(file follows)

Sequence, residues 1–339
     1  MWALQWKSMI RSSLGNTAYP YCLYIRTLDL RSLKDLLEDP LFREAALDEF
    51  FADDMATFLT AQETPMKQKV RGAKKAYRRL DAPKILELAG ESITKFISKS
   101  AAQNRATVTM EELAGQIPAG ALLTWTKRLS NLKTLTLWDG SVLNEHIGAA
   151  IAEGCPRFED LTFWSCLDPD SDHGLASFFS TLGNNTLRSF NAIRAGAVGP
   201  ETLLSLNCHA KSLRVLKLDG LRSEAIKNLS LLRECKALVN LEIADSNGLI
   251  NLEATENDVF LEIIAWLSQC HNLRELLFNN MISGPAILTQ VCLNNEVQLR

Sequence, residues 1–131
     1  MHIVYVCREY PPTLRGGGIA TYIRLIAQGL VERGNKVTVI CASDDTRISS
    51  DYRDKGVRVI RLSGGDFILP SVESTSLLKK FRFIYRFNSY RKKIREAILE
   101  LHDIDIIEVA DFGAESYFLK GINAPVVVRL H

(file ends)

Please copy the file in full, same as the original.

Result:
Sequence, residues 1–339
     1  MWALQWKSMI RSSLGNTAYP YCLYIRTLDL RSLKDLLEDP LFREAALDEF
    51  FADDMATFLT AQETPMKQKV RGAKKAYRRL DAPKILELAG ESITKFISKS
   101  AAQNRATVTM EELAGQIPAG ALLTWTKRLS NLKTLTLWDG SVLNEHIGAA
   151  IAEGCPRFED LTFWSCLDPD SDHGLASFFS TLGNNTLRSF NAIRAGAVGP
   201  ETLLSLNCHA KSLRVLKLDG LRSEAIKNLS LLRECKALVN LEIADSNGLI
   251  NLEATENDVF LEIIAWLSQC HNLRELLFNN MISGPAILTQ VCLNNEVQLR

Sequence, residues 1–131
     1  MHIVYVCREY PPTLRGGGIA TYIRLIAQGL VERGNKVTVI CASDDTRISS
    51  DYRDKGVRVI RLSGGDFILP SVESTSLLKK FRFIYRFNSY RKKIREAILE
   101  LHDIDIIEVA DFGAESYFLK GINAPVVVRL H